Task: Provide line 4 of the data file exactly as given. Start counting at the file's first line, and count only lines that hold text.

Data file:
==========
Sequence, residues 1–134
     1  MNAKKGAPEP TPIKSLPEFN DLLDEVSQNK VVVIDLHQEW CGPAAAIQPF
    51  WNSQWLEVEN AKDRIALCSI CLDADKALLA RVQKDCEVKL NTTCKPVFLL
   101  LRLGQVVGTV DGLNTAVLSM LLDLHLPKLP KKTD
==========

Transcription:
   101  LRLGQVVGTV DGLNTAVLSM LLDLHLPKLP KKTD